Before I go on a rant that you probably will find pointless, but I find quite relevant. It would most likely be of assistance to give a historical background of the font that causes me so much rage.
Ages ago (really not that long ago), Helvetica was the reigning king as far as fonts. Yes, seriously the font you probably don’t use unless you have a fancy poster you’re designing was actually popular in the 1950s and the majority of the second half of the 20th Century. However, it began getting outdated because as people we seem to grow tired of trends quickly... except for jeans which will never go out of style.
Furthermore, Adobe came in with its development of PostScript where they licensed four basic fonts from the original foundries: Times, Courier, Helvetica, and Symbol. PostScript was created as an electronic and desktop publishing platform allowing the creation of professional quality typesetting with less expensive personal computers.
However, Adobe designed two PostScript fonts where one provided hints to improve the quality over the other one. Adobe had to be stingy only releasing the secrets for the mediocre font, but keeping the secrets for the superior one to themselves. This gave Adobe the power to have the upper hand in the font world. PostScript “look-alikes” to the font were being created and hence Arial was born by the development of Monotype.
Basically, Arial is a ripoff of Helvetica because the OG font could not be acquired. So there is literally nothing special about it. It barely differs from its “superior” twin apart from maybe the slight curvature of the “a” and negligible changes in the t, g, c, and r. Fun fact: the “a” changes in Helvetica when you place it in bold. Try for yourself. Arial letter “a” and Helvetica letter “a” are practically identical when both in bold.
On the other hand, Times New Roman was a product of a typographer hired to create a new font for the Times of London, a British newspaper. In 1929, Stanley Morison created an ornate and simple font that radiates elegance. However, this opinion was not shared by all, it had quite the criticism. Despite this, it later grew in popularity as it was used in the daily newspaper.
I have to disagree with my source for the Times New Roman article that the "italic is mediocre" for the font and that the font is the “absence of choice”. First, I think the way the font is designed makes it more fit for italics than all the other fonts. Second, Times New Roman is not the absence of choice because clearly, you are making a choice to utilize the obviously superior font over something as juvenile as Arial. I guess you could say that Times New Roman is a ripoff of say Plantin, but you know we’re talking about Arial’s inferiority right now so I don’t care.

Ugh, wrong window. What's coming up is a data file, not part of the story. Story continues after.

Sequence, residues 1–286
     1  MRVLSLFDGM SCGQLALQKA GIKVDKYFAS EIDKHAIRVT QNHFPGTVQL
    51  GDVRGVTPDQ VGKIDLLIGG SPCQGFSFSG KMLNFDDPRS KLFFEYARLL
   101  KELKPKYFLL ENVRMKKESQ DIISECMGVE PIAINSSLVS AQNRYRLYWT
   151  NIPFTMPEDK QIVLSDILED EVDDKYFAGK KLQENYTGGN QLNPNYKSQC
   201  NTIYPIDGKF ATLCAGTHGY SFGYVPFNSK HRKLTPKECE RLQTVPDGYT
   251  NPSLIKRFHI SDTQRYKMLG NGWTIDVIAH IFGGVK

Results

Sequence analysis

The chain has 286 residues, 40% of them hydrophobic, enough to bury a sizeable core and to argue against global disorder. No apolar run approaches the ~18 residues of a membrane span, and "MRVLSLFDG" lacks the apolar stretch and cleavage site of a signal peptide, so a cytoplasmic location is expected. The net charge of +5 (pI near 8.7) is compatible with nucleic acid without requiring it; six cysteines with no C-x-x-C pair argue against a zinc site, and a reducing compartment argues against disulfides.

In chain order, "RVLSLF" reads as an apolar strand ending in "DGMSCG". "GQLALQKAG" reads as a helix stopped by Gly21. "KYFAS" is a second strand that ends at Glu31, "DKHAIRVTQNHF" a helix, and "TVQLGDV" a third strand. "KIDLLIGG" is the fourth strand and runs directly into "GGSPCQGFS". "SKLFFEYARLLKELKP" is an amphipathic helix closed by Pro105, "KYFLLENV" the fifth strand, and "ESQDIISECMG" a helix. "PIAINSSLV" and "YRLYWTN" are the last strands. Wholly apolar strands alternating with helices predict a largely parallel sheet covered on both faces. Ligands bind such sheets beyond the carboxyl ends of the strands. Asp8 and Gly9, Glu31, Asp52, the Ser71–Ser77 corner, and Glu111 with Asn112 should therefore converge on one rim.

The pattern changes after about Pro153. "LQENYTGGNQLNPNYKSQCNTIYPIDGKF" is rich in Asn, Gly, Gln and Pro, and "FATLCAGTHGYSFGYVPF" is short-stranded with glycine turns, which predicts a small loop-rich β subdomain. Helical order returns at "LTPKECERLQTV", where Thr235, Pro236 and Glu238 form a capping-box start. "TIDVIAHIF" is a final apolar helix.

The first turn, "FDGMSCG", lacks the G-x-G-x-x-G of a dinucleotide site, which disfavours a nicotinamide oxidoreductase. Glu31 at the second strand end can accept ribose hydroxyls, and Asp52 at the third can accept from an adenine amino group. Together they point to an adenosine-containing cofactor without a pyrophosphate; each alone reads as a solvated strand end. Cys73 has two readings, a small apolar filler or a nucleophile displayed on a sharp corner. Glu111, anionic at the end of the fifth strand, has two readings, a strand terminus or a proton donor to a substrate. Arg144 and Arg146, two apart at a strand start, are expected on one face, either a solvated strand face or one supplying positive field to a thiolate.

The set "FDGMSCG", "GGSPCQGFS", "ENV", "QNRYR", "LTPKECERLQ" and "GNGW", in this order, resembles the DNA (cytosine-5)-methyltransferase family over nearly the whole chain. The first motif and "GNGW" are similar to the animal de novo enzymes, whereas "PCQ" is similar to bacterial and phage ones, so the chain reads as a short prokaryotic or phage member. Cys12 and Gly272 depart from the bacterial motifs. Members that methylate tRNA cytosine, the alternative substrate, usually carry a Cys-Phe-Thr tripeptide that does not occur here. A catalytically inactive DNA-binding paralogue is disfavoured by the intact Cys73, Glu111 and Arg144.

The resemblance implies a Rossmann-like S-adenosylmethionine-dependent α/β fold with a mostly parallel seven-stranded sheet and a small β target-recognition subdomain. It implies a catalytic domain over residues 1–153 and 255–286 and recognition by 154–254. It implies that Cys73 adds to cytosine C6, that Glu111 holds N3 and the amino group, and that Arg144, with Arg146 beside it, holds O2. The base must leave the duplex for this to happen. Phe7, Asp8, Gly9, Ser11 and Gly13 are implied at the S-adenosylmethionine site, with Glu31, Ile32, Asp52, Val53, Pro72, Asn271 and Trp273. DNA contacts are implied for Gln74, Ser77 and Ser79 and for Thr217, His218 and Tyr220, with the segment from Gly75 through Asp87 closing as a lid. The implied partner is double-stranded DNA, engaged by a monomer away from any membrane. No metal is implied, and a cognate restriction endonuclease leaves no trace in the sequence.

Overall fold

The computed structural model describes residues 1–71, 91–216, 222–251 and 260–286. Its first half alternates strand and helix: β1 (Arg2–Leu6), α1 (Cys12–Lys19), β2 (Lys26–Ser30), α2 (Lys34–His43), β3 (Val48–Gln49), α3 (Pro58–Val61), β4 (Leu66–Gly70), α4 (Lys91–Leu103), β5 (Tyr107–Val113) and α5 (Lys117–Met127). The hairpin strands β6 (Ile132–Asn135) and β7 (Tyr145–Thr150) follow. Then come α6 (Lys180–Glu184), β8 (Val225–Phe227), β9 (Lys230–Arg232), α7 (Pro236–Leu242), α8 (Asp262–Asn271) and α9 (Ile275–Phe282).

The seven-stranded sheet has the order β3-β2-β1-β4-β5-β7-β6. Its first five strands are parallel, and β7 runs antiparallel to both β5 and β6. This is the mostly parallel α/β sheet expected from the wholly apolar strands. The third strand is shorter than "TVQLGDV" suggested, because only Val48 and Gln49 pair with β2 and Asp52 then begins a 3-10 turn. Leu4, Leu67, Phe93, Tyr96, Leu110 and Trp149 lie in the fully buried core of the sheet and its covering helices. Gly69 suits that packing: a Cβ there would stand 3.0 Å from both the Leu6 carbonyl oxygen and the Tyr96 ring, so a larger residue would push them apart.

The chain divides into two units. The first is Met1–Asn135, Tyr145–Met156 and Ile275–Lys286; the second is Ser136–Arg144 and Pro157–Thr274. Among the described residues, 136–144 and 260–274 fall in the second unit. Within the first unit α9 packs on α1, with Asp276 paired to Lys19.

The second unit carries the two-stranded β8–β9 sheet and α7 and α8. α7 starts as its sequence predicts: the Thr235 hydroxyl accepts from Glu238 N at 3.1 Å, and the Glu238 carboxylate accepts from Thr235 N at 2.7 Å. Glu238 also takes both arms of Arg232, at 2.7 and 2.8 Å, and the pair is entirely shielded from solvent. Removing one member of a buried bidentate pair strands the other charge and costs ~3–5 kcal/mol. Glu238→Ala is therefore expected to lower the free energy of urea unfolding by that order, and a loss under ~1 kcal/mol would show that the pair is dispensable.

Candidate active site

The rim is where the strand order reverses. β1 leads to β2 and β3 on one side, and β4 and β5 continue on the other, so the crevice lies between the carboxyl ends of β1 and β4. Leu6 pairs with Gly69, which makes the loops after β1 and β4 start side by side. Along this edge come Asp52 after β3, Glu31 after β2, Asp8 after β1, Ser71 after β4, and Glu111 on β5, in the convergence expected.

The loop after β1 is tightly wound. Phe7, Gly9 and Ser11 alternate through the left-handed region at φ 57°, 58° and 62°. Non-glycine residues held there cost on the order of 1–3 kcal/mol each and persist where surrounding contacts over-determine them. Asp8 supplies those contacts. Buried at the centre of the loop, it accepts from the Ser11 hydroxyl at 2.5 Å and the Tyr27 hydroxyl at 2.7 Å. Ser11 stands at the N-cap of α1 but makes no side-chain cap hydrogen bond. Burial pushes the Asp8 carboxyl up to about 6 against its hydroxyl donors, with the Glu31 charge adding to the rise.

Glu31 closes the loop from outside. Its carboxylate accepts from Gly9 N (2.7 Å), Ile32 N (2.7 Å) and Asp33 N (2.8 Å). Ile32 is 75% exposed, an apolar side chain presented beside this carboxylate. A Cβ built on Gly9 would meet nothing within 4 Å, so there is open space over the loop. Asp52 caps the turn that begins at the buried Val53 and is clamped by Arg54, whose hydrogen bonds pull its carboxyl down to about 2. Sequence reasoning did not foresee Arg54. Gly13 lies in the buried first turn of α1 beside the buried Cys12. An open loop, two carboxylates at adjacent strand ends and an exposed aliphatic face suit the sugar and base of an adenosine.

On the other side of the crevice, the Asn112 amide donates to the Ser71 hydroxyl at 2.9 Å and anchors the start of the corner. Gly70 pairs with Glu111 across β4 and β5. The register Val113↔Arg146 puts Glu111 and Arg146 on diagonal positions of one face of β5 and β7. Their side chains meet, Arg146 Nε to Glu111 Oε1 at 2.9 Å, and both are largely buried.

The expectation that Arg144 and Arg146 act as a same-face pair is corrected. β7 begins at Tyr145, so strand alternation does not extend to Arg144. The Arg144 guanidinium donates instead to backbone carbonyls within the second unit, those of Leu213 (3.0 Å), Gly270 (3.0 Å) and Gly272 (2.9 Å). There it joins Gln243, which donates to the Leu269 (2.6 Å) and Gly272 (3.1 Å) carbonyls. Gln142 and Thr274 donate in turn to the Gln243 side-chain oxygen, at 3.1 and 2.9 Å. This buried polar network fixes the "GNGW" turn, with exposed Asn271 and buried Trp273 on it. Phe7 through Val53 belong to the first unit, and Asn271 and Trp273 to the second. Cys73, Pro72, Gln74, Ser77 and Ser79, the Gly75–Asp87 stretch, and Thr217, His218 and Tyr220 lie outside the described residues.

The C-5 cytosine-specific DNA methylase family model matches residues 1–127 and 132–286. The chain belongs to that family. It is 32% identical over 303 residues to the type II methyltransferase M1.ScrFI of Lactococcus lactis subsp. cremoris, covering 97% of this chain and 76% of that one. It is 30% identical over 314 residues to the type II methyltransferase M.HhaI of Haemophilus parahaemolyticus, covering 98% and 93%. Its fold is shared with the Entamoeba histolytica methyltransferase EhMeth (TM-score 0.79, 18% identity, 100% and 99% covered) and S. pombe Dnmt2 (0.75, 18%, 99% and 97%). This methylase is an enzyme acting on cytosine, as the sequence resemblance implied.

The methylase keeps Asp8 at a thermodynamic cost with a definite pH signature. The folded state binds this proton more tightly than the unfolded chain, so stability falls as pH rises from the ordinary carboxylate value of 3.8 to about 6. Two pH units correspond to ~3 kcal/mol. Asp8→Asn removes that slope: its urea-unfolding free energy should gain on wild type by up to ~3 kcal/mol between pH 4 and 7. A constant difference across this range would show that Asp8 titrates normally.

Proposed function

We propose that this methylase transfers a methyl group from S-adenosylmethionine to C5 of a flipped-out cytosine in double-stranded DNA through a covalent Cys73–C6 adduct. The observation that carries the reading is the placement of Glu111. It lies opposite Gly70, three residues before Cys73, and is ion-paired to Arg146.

It could be the journalist in me that prefers this font, but I think there are some facts that should be considered pertaining to Times New Roman becoming the default font:
The Use of Research and Formal Papers of Times New Roman
- MLA and APA are the most common format for research papers and/or other professional scripts, why not save us the trouble of changing the font. It’s probably already dreadful enough we have to write a paper anyway.
The Fact That You Can Fit More Words on a Page with Times New Roman
- The font was designed for a newspaper to fit more word on a page. Don’t you hate having to print out a paper that literally two sentences on it because you cannot fit that last sentence on a page without changing the required font? Yeah, me too.
The Fact That Arial is Just a Knock Off of Another Font
- I think we went over this if it’s so close to another font, why should it be the default. Anyways, if you were going to do that, you should have just picked the OG one, Helvetica.
Arial Appears Unprofessional And/Or Childish
- It’s pretty much on the same level of the cringe-worthy Comic Sans MS, which I can say I used once in my whole life as a camp counselor because if they font looks fun the event sounds fun...obviously.
The British Created Times New Roman…
- Okay probably not a solid argument, but come on, the Oxford Comma is clearly legendary and as far as I know, language-wise, British English is superior considering it was the first English Americans knew before evolving it.